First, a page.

Users don’t know their worms from their bots

Users don’t know their worms from their bots

With a never-ending torrent of advice on IT security floating around the web, users might become confused by the vast array of threats. From bots to botnets and Trojans to worms, the sea of terminology can leave the uninitiated feeling overwhelmed.


Trojans are named after the Trojan horse, which was famously used to infiltrate Troy. A Trojan is a piece of software that hides on a PC, often in plain sight. While this software looks legitimate, it is in fact opening a back door to the machine, letting hackers in.

“Trojans can achieve any number of attacks on the host, from irritating the user (popping up windows or changing desktops) to damaging the host,” explains.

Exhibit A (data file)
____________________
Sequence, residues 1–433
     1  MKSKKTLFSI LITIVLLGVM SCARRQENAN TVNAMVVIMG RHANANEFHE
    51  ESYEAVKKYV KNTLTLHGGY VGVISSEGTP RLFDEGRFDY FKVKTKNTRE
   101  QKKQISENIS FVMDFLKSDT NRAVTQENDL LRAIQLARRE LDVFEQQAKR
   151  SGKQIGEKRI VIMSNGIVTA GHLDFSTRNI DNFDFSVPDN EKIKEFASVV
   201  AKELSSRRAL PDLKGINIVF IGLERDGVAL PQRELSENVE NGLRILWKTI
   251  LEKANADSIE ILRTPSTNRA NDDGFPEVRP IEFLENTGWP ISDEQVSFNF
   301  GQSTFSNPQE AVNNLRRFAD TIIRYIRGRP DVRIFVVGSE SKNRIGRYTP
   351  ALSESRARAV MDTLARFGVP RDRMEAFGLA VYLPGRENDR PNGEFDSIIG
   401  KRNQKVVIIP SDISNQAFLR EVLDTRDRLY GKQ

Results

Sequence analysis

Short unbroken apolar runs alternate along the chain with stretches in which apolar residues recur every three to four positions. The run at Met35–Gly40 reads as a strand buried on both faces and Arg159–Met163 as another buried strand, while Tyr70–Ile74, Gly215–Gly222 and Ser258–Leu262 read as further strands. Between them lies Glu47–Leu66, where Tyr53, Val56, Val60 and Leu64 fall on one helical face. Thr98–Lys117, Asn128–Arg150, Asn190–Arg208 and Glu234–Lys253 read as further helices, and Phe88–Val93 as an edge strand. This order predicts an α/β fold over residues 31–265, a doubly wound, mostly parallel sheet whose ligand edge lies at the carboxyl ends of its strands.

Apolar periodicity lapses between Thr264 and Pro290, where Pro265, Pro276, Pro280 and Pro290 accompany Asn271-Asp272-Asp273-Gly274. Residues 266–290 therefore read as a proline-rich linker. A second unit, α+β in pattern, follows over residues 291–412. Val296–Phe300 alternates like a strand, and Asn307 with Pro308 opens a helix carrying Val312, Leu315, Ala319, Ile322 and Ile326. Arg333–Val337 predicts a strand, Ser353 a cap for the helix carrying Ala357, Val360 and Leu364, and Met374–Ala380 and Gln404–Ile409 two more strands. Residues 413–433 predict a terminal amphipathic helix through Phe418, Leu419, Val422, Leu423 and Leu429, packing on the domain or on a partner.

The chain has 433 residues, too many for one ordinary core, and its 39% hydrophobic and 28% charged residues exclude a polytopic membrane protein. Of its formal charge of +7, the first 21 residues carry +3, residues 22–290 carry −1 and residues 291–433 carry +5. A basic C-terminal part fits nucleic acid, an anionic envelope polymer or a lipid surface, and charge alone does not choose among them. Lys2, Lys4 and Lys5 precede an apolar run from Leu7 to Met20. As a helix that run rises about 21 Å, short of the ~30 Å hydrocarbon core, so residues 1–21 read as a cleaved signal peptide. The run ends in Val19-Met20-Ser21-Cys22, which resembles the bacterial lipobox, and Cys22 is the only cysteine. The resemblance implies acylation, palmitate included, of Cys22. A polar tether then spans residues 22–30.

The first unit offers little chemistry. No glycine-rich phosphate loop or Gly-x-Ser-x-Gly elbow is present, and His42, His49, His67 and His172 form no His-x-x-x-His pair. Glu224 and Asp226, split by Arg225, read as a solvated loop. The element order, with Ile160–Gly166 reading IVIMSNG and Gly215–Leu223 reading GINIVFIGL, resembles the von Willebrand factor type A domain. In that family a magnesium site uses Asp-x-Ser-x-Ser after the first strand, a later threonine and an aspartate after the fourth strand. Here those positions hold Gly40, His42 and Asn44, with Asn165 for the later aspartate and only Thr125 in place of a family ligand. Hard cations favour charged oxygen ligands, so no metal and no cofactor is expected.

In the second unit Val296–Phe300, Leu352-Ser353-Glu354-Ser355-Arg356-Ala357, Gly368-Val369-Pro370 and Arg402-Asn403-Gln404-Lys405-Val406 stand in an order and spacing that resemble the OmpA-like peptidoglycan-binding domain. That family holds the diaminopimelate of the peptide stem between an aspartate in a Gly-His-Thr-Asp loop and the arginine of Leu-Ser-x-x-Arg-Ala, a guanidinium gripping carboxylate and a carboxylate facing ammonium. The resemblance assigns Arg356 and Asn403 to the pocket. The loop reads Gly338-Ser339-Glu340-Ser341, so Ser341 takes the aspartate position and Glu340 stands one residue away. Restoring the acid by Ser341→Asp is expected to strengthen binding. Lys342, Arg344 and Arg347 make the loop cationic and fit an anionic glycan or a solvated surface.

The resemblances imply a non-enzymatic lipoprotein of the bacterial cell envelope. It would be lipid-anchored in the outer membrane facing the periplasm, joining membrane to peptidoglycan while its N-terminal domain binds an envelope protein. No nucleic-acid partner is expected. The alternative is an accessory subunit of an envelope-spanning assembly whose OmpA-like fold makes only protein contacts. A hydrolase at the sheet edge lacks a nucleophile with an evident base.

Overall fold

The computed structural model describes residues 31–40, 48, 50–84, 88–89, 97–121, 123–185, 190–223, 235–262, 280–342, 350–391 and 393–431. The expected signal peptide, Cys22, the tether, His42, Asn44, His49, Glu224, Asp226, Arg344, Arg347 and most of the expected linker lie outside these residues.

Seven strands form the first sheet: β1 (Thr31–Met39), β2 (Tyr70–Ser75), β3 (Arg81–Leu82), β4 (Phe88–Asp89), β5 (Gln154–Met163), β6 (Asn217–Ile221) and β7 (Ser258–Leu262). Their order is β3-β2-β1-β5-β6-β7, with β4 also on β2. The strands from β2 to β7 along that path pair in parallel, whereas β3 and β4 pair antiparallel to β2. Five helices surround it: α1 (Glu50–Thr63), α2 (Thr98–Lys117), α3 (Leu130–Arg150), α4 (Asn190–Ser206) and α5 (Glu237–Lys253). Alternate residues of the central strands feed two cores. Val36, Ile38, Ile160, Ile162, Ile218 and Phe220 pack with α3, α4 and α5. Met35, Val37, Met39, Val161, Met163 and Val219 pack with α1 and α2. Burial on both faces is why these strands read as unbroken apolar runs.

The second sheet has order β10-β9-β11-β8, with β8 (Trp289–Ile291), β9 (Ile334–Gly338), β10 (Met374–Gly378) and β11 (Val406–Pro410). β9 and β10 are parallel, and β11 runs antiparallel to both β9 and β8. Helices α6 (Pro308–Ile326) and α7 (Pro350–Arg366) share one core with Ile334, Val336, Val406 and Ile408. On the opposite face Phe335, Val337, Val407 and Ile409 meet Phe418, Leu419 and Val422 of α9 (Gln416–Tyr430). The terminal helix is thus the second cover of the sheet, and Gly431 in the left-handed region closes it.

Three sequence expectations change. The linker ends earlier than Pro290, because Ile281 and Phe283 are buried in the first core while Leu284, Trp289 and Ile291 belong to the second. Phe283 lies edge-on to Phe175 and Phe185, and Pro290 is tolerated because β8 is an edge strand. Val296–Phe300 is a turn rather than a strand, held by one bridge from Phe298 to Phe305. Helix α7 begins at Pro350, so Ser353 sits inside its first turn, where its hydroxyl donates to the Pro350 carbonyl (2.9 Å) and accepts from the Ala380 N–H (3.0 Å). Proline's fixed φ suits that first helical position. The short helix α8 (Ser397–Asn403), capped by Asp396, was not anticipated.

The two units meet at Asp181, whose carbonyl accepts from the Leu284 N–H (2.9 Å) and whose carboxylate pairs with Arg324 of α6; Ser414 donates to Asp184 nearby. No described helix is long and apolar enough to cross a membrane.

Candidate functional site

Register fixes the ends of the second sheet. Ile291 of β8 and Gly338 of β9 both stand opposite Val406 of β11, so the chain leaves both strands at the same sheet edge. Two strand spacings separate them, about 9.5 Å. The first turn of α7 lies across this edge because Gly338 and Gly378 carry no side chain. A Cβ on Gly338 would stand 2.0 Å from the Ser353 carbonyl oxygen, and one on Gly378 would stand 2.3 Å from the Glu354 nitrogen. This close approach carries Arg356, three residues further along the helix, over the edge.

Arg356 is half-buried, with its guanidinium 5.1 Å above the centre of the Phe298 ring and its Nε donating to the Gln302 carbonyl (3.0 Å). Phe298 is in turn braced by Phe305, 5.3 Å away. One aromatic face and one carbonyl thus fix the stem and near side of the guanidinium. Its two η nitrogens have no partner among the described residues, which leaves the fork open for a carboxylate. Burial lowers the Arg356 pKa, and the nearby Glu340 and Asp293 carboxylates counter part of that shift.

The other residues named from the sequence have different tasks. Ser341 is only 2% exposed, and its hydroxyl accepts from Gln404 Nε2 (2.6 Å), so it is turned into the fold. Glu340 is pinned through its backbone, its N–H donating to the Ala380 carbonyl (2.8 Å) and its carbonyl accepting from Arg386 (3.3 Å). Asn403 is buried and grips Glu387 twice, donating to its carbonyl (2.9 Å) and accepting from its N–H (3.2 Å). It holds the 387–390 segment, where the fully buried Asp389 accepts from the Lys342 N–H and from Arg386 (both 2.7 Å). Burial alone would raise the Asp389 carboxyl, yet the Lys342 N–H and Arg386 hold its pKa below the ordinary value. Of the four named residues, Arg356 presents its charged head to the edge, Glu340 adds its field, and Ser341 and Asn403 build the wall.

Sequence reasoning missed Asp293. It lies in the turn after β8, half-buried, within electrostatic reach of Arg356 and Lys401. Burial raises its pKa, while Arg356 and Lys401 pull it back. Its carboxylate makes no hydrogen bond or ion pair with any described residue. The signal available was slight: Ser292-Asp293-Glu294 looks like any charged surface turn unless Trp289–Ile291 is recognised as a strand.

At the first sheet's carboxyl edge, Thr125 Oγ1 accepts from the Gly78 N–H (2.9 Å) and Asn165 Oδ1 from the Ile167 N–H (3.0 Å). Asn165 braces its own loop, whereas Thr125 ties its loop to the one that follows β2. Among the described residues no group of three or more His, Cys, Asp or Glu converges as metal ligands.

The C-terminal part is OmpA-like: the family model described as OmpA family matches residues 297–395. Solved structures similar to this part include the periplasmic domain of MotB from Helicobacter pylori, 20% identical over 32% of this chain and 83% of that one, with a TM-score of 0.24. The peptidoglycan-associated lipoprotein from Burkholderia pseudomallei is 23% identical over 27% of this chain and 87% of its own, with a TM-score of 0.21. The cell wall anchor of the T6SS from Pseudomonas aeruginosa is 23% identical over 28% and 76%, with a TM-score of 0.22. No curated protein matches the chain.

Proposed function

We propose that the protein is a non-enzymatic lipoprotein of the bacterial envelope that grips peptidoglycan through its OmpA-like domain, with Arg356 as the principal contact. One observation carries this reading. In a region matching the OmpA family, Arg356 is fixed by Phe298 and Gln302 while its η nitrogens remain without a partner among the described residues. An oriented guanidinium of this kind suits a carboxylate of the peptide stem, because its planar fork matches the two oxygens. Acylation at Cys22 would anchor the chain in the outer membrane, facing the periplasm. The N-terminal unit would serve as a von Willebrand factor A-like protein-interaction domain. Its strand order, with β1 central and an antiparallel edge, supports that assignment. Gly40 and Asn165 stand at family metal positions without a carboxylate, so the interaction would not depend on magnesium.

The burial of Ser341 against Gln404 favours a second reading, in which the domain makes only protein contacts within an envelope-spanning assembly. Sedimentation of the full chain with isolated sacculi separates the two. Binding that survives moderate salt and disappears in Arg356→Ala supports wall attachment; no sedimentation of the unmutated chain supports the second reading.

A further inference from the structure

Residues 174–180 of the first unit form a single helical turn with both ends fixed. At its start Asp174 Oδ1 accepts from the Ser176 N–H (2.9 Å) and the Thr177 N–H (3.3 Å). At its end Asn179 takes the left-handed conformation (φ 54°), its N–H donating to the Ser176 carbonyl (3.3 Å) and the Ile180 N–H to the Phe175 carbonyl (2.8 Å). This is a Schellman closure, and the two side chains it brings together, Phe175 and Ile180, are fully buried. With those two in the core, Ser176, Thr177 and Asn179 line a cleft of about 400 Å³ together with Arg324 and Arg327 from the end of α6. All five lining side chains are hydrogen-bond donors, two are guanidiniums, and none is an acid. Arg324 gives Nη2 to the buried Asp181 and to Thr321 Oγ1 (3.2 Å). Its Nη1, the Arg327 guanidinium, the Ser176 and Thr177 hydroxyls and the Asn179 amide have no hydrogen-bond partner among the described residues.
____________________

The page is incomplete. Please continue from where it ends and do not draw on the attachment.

Trojans can be binded to any file type and then sent as an attachment, a fact which highlights the importance of only opening emails from trusted senders.


‘Bots’ stem from the word ‘robots’ and are essentially automated processes that attempt to scrape information from individual users.

Bots can scrape anything from passwords to financial information. Hackers can also combine the efforts of infiltrated computers to create a network of bots, known as a ‘botnet’. These are often then used to launch denial-of-service (DoS) attacks.


Worms are much like viruses, but rather than relying on the spreading of an infected file, they exploit vulnerabilities in systems and therefore can travel unaided.

Many worms have been designed simply to spread rather than changing the systems they pass through. However, as was proved by the Morris and Mydoom worms, even these “payload free” worms can lead to major side effects such as increasing network bandwidth usage.

Published On: July 17, 2014/By /Categories: Security/
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